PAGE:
We all saw it: it started with a video of a friend dumping a bucket of ice water over his or her head. Then it was two videos. Then it was five. Suddenly, celebrities, politicians, and thought leaders were participating in the ALS Ice Bucket challenge. Several weeks into this viral campaign, the ALS Association raised a stunning $114 million in donations.
When I was studying at Boston University to become a teacher, I believed that education was the great equalizer: anyone in the world with access to education could succeed. While education is still a great tool for leveling the playing field on this planet, social media has emerged as the new equalizer. Anyone with access to Twitter, Facebook, or LinkedIn can use social media to spread ideas, raise money, and even start or join a revolution.
Nonprofits have a unique opportunity to use social media to grow and scale their causes and donations online. Here are seven reasons social media is perfect for nonprofits to accomplish their objectives.
1. Get the word out cheaper and faster. The days of costly direct mail campaigns and galas are over as social media and online marketing allow nonprofits to better target their audience, avoid waste, and communicate faster and farther than ever before. A growing number of people would rather click on a Twitter link to CrowdRise and send $100 through PayPal to a cause of choice than attend a rubber chicken dinner.
2. Use social context to drive friends of friends to participate. 92% of people trust their friends’ recommendations, while less than 40% of people trust ads. Free PSAs from your local radio station or newspaper are not nearly as powerful as getting your supporters to spread the word to their friends via social networks.
3. Build a community of supporters. Nonprofits have traditionally worked very hard at building community through events and get-togethers. But now you can build a 24-7 community using your favorite social network. Instead of just talking to your supporters, you can cultivate true peer-to-peer communication and listen to what your supporters have to say.
4. More easily reach the people you serve. It’s one thing to reach your supporters, but it’s another thing to reach the people you’re serving in the community. My favorite national nonprofit, Donors Choose, uses social media to better connect with the teachers their organization serves. My favorite local nonprofit, the Port Washington Education Foundation [editor’s note: rebranded in 2015 as The Ed. Foundation], uses social media to listen to the community’s needs, and better find and solicit grant applicants from our town.
5. Find and engage influencers to help spread the word. Smart nonprofits have always tried to tap into local influencers, e.g., the president of the PTA, the captain of the football team, and the president of the chamber of commerce. Now they can use social media to find and engage with influencers not only in their town, but around the globe, who may be passionate about their cause and also have a large following. A retweet to 50,000 people might be more helpful than a $50 donation.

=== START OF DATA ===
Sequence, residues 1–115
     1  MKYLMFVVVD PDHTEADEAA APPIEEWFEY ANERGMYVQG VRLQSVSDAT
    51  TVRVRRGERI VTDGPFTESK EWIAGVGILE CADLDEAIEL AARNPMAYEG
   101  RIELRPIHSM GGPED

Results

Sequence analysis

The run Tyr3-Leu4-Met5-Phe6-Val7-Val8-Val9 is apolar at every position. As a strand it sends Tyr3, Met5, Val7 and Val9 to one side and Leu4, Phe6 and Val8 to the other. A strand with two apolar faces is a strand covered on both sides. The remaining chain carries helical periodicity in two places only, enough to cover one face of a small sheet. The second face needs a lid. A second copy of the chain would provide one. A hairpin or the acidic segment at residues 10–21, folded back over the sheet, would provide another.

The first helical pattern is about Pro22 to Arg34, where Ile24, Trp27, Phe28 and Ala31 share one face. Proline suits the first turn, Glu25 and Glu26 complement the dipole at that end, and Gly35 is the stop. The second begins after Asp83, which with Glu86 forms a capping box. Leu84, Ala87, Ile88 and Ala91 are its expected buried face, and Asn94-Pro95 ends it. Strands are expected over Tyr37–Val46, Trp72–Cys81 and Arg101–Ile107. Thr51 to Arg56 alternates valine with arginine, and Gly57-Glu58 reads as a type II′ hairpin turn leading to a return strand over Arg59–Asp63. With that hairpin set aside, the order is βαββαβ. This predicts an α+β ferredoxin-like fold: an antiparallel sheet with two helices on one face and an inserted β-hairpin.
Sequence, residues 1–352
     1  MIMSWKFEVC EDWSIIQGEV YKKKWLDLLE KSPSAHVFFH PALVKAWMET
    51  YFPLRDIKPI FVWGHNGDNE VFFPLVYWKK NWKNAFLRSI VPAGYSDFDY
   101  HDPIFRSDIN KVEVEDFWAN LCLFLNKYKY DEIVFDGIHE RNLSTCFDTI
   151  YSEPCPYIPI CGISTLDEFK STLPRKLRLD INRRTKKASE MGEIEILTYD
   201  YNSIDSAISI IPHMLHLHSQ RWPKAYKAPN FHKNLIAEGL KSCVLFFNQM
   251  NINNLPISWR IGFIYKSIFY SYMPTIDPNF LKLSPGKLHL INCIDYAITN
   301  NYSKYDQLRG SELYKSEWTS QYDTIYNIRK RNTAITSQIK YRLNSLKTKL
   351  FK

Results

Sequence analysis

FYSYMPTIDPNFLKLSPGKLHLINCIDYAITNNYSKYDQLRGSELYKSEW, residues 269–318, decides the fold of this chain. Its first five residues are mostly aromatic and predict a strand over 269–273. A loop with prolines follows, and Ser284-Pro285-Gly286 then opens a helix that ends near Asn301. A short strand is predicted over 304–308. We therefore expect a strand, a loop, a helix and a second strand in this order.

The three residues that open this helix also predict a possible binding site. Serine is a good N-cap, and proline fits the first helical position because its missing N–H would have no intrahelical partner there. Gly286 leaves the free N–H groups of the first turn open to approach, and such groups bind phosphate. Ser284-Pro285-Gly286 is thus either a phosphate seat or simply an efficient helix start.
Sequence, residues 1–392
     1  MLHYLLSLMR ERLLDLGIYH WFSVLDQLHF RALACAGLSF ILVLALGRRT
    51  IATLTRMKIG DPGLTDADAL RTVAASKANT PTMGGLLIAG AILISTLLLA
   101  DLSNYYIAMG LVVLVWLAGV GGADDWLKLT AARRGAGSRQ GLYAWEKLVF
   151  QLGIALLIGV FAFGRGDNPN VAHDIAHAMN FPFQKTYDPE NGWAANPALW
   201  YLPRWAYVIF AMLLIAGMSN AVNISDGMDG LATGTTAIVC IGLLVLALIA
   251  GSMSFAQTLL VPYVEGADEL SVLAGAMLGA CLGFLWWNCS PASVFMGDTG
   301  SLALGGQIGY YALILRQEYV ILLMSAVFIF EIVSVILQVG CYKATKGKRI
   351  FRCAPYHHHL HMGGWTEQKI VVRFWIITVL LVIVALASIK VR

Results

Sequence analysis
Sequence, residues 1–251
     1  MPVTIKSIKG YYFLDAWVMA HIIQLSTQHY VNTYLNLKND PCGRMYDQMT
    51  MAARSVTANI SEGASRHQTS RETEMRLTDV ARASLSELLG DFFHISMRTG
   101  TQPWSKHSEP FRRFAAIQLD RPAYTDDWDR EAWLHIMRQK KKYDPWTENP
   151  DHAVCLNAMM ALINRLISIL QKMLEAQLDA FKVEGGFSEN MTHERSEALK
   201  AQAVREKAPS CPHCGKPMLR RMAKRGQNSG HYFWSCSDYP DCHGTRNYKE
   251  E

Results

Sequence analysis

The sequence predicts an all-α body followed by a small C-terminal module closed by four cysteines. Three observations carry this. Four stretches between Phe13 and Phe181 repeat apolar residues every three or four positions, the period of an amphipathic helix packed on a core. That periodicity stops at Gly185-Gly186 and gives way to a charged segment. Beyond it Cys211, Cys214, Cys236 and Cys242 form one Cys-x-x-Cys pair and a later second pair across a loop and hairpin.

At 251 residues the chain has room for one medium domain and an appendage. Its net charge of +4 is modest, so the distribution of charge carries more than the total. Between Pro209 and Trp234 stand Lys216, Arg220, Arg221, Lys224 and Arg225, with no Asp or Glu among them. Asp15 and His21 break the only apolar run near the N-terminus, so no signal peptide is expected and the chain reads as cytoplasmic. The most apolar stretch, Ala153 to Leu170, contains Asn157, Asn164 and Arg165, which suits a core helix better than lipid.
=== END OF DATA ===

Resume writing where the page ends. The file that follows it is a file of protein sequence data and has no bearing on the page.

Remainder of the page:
6. Become a thought leader in the space you serve. Social media and blogging allow you to showcase your understanding of and expertise in your nonprofit’s particular area of interest more easily than ever before. Galas years ago showed beautiful, highly produced videos and had speeches from experts to make the crowd feel warm and fuzzy about the cause they were supporting. Now you can reach more people than ever with blog posts, iPhone videos, LinkedIn messages, and tweets.
7. Better tell your story. In order to tell your nonprofit’s story effectively in the past, you needed 30-second TV or radio spots, glossy brochures, and big, expensive galas. Now you can tell your story with every Facebook post, LinkedIn article, and tweet, and through blogs, videos, and infographics.
Because of social media, it’s the best time in history to be involved with a nonprofit. How will you connect?
Dave Kerpen is the founder and chairman of Likeable Local. He is also the co-founder and chairman of Likeable Media, and the New York Times bestselling author of Likeable Social Media, Likeable Business, Likeable Leadership, and The Art of People: 11 Simple People Skills That Will Get You Everything You Want. @davekerpen https://davekerpen.com/
This article is reprinted from Issue #11 of Nonprofit Performance Magazine. Subscribe today so that you won’t miss other actionable articles that will help you run your nonprofit organization with less pain and more gain!
Join Hugh Ballou, possibly Russell Dennis, and their guests on our weekly Tuesday afternoon Nonprofit Exchange at 2 pm Eastern time.
If you already have a nonprofit or are thinking of starting one, this will be very helpful. Put it on your calendar NOW! It’s a session that you don’t want to miss! Discover what’s blocking your success!
The Nonprofit Exchange on Tuesdays at 2 pm ET has been quite beneficial for many participants and we have enjoyed sharing thoughts and tips for moving past the stuck places we all find in leading an organization to achieving its mission.
Learn more and access archives HERE.
As the famous British Composer and Conductor Ralph Vaughan Williams once said, “Music does not reveal all of its secrets to just one person.” If you replace the word “Music” with the word “Leadership” or “Team” or “Strategy” etc., then we all give and receive value from others. That’s the spirit of the Tuesday afternoon Nonprofit Exchange encounters, sponsored by SynerVision Leadership Foundation’s “Community for Community Builders.”
You can join the conversation on Zoom or watch on Facebook Live Video. It’s your choice. You can comment on Facebook and on the Zoom chat box on any device.
Put this on your calendar NOW! It’s a session that you don’t want to miss! Discover what’s blocking your success!
We’ll “see” YOU on the call. Here’s to your greater success!